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You may not need React

Interactive web pages can be created with libraries that are simpler than React: alpineJS, Svelte; or even no library at all: vanillaJS.

February 07, 2021 | 8 min. read

I think React is currently the default UI library for web development. And for good reason. It’s relatively high-performance and easy to learn, and more importantly, has a large ecosystem around it. Just about anything you want to create, there’s a good chance someone’s made it, and has it available as a package. But React is not perfect and not always the right choice. This is an exploration of libraries I’ve used and I consider to be, in certain cases, better alternatives.

Going React…less?

I still primarily use react, I am confidently productive writing in the hooks/functional pattern - in fact, I enjoy the pattern. However, I think it can be an overkill for simple use cases. Responding to events, making http calls, and substituting elements on a page, is not that hard at small scale. Having to transpile and bundle - fiddling with webpack and babel etc… just to get some interactivity — is a little too much. The same complaint applies to Angular and Vue (with single file components) or any other library that requires a build step and has a non-trivial runtime. For creating a new web app (site?) - its worthwhile considering something simpler than react - it will remove a lot of complication and reduce the time it takes to create a working app - and maintaining it.

For the most basic “sample” app: this is what a react component that has a counter looks like:

import { useState } from "react" export default function App({ name }) { const [count, setCount] = useState(0) return ( <div className="App"> <p>My name is {name}</p> <h1>Button Clicked: {count} times</h1> <button onClick={() => setCount((count) => count + 1)}>Add 1</button> </div> ) }

Most of this code is tiny compared to what the browser will actually run - all of the JSX (html-looking part) inside the return statement isn’t valid javascript - it’s syntactic sugar for more complex function calls to React APIs and it all gets transpiled and bundled before shipping. This is what I sometimes find unnerving about react, especially with smaller apps. It sometimes feels like too much abstraction. There are many, many alternatives to React. JavaScript isn’t exactly short on libraries (for better or worse), but I want to focus on three.


The first option here, is, well, the “use nothing” option. Just write JavaScript, inside html (or a script file) and make use of all the native DOM (the document object model) apis; the same ones every other library depends on anyway. The "vanillaJs" route. I recommend reading the tongue-in-cheek site created for vanillajs. It’s impressive is just how much more efficient using plain/vanilla is over adding a library - essentially a middle-man to DOM operations. This is definitely going to be the best-performing approach. Bundle size is 0Kb+ - you only have to worry about how much code you write. Nothing beats that. And of course, there’s no build step. Just write, save. And you’re done.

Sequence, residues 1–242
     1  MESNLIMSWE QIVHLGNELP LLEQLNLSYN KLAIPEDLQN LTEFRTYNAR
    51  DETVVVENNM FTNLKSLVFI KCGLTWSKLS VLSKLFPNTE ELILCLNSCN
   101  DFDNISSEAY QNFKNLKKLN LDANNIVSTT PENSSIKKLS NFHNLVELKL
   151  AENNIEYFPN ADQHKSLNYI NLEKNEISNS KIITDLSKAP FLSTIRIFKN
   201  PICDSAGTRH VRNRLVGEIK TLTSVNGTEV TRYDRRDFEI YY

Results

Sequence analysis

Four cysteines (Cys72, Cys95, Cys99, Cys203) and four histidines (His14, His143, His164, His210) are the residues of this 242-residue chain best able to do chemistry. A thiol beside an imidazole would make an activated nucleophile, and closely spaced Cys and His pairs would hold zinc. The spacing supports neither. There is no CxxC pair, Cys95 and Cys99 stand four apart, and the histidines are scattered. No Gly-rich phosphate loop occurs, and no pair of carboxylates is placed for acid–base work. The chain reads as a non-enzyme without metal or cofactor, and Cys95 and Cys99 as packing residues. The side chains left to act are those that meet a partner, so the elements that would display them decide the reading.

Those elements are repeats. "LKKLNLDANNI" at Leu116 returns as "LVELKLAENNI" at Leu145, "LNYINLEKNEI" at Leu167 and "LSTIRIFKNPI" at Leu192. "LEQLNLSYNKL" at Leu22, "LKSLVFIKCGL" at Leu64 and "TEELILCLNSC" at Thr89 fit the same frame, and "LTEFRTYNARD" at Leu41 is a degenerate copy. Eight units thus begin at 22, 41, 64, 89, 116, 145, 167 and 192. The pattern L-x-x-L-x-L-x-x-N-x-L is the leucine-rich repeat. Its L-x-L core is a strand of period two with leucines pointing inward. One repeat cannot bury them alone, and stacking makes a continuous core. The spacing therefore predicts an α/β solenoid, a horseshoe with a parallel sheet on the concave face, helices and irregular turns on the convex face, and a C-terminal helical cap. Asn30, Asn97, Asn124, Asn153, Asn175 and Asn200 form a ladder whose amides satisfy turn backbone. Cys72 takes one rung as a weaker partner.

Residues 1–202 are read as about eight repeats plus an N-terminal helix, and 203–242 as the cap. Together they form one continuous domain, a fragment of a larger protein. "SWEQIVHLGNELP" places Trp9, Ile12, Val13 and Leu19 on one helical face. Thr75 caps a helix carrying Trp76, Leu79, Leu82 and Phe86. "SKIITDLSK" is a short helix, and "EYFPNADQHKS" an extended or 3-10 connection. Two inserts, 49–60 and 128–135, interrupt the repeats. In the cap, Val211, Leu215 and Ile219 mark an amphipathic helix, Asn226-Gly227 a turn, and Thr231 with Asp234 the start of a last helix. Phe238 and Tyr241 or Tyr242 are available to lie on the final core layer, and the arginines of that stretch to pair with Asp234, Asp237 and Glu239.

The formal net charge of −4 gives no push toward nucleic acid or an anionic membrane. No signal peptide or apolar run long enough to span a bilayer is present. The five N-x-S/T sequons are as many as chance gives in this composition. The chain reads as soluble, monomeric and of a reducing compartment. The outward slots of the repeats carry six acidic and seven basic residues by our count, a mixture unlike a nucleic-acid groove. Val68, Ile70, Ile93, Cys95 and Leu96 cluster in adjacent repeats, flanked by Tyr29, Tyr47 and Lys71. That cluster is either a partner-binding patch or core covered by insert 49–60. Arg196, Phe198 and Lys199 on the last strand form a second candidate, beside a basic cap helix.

Vanilla JS Example

Here’s a working example of an incrementing button in vanilla js.

<html> <body> <div id="app"> <p id="label">Button clicked: 0 times</p> <button id="click">Add 1</button> </div> <script> const btn = document.getElementById("click") const label = document.getElementById("label") let clicked = 0 btn.addEventListener("click", () => { clicked += 1 label.innerText = `Button clicked :${clicked} times` }) </script> </body> </html>

I consider this a clearer, more explicit code than the react example. It is exactly how the browser works. Creating a non-trivial web page using this vanillajs is a good learning experience; even if for no other reason than understanding how the browser APIs work.

This looks like a stateful component in vanilla, but it’s definitely not. Based on context, it could be buggy. It’s intentionally simple, the point isn’t state management. I’m simply highlighting what’s possible.


I consider alpinejs the perfect bridge between repeatedly writing code to CRUD (create, read, update, delete) DOM elements/listen for events (like above), and reaching for a full-fledged library like react. With vanilla js, these operations are as fast as they will ever get, but it also gets very redundant calling document.getElementById. Many lazy good developers will get sick of doing this, create helper functions and classes to reduce the repetition, and by the time they’re done, they would have created the ten-thousandth javascript UI library - or they might accidentally recreate alpineJS. AlpineJS is a “script” in the strict meaning in html. It’s bundle comes in at 4Kb, and provides exactly 14 directives for working with the dom (plus 6 properties that I think are more for edge cases). Yes, the entire API is just 14 basic concepts to learn. It literally takes reading a readme file to learn all of alpinejs. I doubt there are a lot more frameworks that can boast such simplicity. And using alpinejs only requires adding a script tag in an html file, and…that’s it. Directives are used by adding them to the respective element, these are native dom elements, not JSX or some other syntax magic. Example: